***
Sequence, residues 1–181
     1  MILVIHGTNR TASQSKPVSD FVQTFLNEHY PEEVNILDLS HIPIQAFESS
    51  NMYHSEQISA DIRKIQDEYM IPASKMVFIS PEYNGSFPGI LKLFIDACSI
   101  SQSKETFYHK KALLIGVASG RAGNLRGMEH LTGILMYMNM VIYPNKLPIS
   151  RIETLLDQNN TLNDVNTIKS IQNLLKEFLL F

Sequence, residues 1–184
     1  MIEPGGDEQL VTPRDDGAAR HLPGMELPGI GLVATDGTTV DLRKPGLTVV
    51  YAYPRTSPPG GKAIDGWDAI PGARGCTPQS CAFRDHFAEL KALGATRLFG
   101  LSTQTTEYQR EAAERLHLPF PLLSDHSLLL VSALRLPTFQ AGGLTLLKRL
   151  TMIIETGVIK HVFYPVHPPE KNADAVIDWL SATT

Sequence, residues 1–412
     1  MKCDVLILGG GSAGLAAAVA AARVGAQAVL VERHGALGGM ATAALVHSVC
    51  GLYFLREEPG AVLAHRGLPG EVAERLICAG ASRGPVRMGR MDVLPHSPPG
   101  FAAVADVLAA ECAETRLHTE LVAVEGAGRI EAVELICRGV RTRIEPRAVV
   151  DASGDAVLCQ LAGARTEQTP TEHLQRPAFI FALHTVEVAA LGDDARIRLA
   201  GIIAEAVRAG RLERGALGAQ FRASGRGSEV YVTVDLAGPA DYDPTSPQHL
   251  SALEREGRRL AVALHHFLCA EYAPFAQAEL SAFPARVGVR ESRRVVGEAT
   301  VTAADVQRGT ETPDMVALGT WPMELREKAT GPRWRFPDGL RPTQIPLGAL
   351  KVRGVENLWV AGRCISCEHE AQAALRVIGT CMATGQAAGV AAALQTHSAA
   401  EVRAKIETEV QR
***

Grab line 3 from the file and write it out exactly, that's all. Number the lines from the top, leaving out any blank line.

    51  NMYHSEQISA DIRKIQDEYM IPASKMVFIS PEYNGSFPGI LKLFIDACSI